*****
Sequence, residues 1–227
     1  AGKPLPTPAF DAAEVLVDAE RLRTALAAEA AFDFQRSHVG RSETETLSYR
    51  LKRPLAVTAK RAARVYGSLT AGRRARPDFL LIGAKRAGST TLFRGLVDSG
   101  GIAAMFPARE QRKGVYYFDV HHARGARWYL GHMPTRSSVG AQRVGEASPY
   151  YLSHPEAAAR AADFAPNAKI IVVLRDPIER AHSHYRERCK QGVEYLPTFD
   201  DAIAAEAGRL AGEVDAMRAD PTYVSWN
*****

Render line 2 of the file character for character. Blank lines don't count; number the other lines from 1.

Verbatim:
     1  AGKPLPTPAF DAAEVLVDAE RLRTALAAEA AFDFQRSHVG RSETETLSYR